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Hello everyone,

I would like to know whether, assuming Selberg's orthonormality conjecture, it would be possible to establish a "natural" correspondence between abelian varieties and functions belonging to the Selberg class S in such a way: 1) One associates to a simple abelian variety a primitive function of S, 2) One associates to an abelian variety of dimension d a function of S of degree d, 3) If V is an abelian variety isogenous to a product of abelian varieties of lower dimensions V_1, V_2, ... V_n, then the function F of S related to V is the product of the F_i where F_i is the function of S related to V_i.

Thank you in advance.

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This is an interesting question, though I know little about Selberg's class S. One comment though: when you say "natural correspondence between", it makes it sound like you mean a bijection. (That seems unlikely in this case, because there are uncountably many functions in Selberg's class and only countably many abelian varieties over number fields.) But anyway reading more carefully it looks like you are not suggesting a correspondence, but rather a mapping (functor?) from abelian varieties into Selberg's class. –  Pete L. Clark Dec 13 '10 at 19:55
    
Indeed the word "correspondence" may not fit exactly what I have on my mind, but my English is far from being perfect (I'm French). I didn't know that there were uncountably many functions in S, would you have some reference? By the way, still assuming Selberg's orthonormality conjecture, do both abelian varieties and Selberg's class form semi-simple categories? If so, the concept of functor from abelian varieties into Selberg's class, as you suggested, may be the good way to express my idea. –  Sylvain JULIEN Dec 13 '10 at 22:49
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I think you need to assume the Hasse-Weil conjecture (an L-function of every abelian variety over ${\mathbb Q}$ is entire with the expected functional equation), so get this map; if I am not mistaken, this does not obviously follow just from Selberg orthonormality. Also, as Pete remarks, the image is not the whole Selberg class. I do not know about uncountability, but e.g. you won't get non self-dual $L$-functions, like those of Dirichlet characters of order $\gt 2$. And, even restricting to the self-dual ones, $L$-functions of all etale cohomology groups of all algebraic varieties... –  Tim Dokchitser Dec 20 '10 at 1:22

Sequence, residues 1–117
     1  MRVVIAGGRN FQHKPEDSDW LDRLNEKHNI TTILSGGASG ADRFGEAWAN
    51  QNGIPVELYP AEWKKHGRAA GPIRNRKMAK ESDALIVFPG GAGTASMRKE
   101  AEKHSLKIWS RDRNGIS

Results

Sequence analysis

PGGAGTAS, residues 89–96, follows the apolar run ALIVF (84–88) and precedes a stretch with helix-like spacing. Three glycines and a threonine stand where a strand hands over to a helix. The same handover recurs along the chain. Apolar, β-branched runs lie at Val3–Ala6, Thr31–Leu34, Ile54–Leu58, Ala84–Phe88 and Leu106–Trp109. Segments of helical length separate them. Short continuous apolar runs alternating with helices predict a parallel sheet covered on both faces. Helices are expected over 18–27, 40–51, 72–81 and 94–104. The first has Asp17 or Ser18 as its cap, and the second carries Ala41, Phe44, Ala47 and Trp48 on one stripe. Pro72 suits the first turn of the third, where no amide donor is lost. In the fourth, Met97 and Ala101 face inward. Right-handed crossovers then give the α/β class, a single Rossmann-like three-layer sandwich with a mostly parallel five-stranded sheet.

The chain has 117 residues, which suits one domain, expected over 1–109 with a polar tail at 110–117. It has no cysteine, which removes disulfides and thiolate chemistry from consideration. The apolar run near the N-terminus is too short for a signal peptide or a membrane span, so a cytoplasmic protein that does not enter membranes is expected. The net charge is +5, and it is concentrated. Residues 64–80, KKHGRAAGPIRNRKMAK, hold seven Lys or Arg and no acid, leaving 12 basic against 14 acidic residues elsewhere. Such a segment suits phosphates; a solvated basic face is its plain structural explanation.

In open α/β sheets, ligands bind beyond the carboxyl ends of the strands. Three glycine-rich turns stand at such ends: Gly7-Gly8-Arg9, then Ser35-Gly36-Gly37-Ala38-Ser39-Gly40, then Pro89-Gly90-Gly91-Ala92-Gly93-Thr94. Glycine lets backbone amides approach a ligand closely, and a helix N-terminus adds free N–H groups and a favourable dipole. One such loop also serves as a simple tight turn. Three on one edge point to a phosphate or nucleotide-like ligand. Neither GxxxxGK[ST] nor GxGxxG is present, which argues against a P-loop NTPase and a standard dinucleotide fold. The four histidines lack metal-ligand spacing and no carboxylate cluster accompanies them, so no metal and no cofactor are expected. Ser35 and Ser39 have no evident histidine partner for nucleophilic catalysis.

...are supposed to be in the Selberg class. I am not an expert, but I thought there are motives (e.g. cohomology groups of some Calabi-Yaus?) that are not realizable inside abelian varieties because the weights are wrong. But otherwise that that, I think it is expected that there is a map like this. –  Tim Dokchitser Dec 20 '10 at 1:23
    
Sorry, I know almost nothing about the Selberg Class and was using the wikipedia article on the subject as a reference. But worse than that, I wasn't reading it carefully. My thought was as simple as the following: if you scale an element of the Selberg class by a nonzero real number you get another element of the Selberg class. But actually this is not true: the Dirichlet series needs to be "normalized": $a_1 = 1$. So I retract my comment about uncountability! –  Pete L. Clark Dec 20 '10 at 2:10
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(Assuming the abelian varieties are supposed to be defined over $\mathbf{Q}$). For every dimension $d\geq 1$, select a cuspidal automorphic representation $f_d$ of $GL(d)$ over the rationals. Then map any simple $A$ of dimension $d$ to $L(f_d,s)$, and extend by multiplicativity using the simple factors of a general $A$ up to isogeny.

(Of course this question is utterly artificial; it seems reasonable to think that the only natural $L$-function associated to an abelian variety is its Hasse-Weil $L$-function, which has degree $2\dim(A)$.)

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